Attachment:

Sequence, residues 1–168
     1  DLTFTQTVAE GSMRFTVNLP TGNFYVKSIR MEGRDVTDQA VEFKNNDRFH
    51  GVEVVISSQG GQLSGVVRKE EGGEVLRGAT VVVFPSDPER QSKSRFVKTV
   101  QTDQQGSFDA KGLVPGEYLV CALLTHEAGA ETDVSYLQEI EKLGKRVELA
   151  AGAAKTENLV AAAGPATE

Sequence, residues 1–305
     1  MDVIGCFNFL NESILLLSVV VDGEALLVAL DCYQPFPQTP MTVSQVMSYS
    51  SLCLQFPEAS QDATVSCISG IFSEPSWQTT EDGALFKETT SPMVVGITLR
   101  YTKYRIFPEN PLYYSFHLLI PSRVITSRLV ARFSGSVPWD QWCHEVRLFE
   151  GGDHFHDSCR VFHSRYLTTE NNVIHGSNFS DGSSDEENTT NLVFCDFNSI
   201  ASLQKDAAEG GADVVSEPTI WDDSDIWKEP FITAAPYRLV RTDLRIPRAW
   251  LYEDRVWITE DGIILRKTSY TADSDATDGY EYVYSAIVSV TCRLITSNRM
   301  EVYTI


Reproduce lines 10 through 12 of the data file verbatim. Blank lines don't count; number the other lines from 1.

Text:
   151  GGDHFHDSCR VFHSRYLTTE NNVIHGSNFS DGSSDEENTT NLVFCDFNSI
   201  ASLQKDAAEG GADVVSEPTI WDDSDIWKEP FITAAPYRLV RTDLRIPRAW
   251  LYEDRVWITE DGIILRKTSY TADSDATDGY EYVYSAIVSV TCRLITSNRM